103 years ago today marks the last time the Chicago Cubs won the World Series. Try as they might, they have not been able to get to the top in over a century. Bad luck, bad players, and more recently bad contracts have been among the myriad reasons why this franchise has been unable to capture it all. So what to think of the recent acquisition of Boston Red Sox GM Theo Epstein? The media-appointed boy wonder GM is the one who put together the hallowed 2004 squad that stunned the Yankees in seven games to win the Pennant and ended the so-called “Curse of the Bambino.” He shook the team up again in 2007 (Julio Lugo!), and won their second title in four years.
Now, at a robust 37 years old Theo Epstein has taken on the biggest challenge left in baseball, and quite possibly all of sports: build a winner for the north side’s long-suffering fan base. He’ll have work to do. Carlos Zambrano’s faux-retirement meltdown has been overshadowed by a thrilling post season. He has a great young center infield nucleus with Darwin Barney and Starlin Castro. He has to decide if he wants to keep Aramis Ramirez (or Carlos Pena, or Alfonso Soriano, or…you get the idea.)
Now, keep in mind that there is no vacancy for the Cubs manager, and that Joe Girardi is still gainfully employed for the Yankees. Joe Girardi’s been under increasing pressure here in New York. He seems to be struggling with the finer points of managing in the post season. Radio and newspaper pundits questioned whether his job was truly safe this off-season. While he has a world title to his credit, he was out managed by Jim Leyland in the ALDS, and his line up couldn’t solve Justin Verlander. To his credit, Girardi could strike first. Girardi has always maintained he would one day like to manage for the Cubs. With Epstein’s departure from Boston, it’s not outrageous to think he could lure Girardi away.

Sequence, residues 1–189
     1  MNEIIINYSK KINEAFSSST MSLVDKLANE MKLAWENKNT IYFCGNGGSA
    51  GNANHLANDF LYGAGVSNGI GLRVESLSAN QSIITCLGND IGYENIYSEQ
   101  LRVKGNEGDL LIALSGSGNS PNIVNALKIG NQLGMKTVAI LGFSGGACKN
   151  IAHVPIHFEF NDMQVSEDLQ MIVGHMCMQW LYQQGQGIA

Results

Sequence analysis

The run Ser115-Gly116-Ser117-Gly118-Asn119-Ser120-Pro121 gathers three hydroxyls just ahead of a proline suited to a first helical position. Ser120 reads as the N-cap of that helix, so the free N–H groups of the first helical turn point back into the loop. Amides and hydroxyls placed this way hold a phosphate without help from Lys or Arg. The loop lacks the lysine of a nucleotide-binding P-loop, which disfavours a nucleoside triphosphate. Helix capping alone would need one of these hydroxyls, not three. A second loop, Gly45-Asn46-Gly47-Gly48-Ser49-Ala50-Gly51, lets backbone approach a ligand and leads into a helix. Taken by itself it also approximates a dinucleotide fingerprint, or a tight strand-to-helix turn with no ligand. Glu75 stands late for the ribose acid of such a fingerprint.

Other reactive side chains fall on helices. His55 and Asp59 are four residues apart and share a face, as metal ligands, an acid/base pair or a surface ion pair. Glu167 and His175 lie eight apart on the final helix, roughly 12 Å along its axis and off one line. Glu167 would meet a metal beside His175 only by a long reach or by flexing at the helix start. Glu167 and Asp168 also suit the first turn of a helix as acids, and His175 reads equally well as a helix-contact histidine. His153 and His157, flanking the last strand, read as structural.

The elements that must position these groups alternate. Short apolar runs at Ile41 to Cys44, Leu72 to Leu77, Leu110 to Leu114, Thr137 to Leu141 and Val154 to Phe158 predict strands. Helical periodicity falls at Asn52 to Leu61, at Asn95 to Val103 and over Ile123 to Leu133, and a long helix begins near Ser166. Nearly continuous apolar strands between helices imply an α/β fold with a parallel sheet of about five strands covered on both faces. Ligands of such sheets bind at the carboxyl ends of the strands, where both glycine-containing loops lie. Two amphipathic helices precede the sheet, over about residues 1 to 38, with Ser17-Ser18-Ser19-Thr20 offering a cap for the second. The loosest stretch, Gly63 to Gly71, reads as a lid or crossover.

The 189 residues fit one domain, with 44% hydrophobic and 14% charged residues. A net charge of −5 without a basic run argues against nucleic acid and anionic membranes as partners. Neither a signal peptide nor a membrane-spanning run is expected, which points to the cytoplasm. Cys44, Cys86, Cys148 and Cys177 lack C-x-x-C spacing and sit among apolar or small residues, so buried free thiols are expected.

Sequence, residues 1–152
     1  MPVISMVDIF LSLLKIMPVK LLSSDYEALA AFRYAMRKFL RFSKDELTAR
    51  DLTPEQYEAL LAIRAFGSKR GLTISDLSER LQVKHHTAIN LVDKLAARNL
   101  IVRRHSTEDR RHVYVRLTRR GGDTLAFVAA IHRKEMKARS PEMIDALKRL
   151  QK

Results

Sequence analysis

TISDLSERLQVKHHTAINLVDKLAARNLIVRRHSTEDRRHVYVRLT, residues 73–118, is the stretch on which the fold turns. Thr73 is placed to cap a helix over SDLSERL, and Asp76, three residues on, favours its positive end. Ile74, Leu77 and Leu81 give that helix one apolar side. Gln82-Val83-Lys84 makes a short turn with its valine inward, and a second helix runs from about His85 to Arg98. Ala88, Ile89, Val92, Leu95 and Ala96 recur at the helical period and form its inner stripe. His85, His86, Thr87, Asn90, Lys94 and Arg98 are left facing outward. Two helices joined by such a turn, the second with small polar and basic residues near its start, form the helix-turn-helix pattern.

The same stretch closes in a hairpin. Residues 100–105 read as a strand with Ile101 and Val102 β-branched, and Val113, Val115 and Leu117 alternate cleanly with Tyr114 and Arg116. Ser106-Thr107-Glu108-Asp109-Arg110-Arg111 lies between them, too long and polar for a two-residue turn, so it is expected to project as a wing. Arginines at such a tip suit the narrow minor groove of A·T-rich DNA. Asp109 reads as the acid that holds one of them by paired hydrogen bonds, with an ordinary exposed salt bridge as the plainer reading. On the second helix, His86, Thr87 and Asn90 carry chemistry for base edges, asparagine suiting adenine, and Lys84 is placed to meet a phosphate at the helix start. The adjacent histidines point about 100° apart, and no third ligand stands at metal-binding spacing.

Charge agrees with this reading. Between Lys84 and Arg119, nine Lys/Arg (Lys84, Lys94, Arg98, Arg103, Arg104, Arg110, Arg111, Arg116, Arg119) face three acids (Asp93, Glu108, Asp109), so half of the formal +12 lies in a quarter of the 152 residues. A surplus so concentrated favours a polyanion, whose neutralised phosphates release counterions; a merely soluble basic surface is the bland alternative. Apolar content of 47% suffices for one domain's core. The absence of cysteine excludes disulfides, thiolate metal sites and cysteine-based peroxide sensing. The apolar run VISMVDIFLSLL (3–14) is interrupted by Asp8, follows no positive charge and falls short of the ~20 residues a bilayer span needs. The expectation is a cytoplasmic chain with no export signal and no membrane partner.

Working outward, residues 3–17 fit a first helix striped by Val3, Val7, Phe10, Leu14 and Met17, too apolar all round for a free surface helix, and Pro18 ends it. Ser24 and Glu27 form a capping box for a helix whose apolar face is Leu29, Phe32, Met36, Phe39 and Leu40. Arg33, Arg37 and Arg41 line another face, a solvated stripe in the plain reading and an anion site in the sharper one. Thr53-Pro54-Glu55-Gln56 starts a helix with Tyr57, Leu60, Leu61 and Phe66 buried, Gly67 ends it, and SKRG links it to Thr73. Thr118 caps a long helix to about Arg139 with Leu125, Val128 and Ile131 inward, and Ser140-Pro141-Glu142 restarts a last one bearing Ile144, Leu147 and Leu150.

Now comes the biggest piece of the potential puzzle; can they sign Albert Pujols. Pujols has already become one of the greatest players to ever play the game. At 31 years old, he could potentially play for another 12 years. He was unable to reach an extension deal with the St. Louis Cardinals before the beginning of the season, and had already declared he would test the free agent market if that was to happen. Plainly put, he wants to be the highest paid player in the game. Currently, that would put him in the $300,000,000 million dollar ranger, possibly over 10 years. If its money he’s truly after, then Epstein will drive an eighteen wheeler full of money up to Albert’s front door.
Cubs fans will have sky-high expectations no matter what. Getting Theo was a great move, but his biggest challenge will be finding the right guy to lead on and off the field. It’s either that, or wonder what to write about next year for 104 years.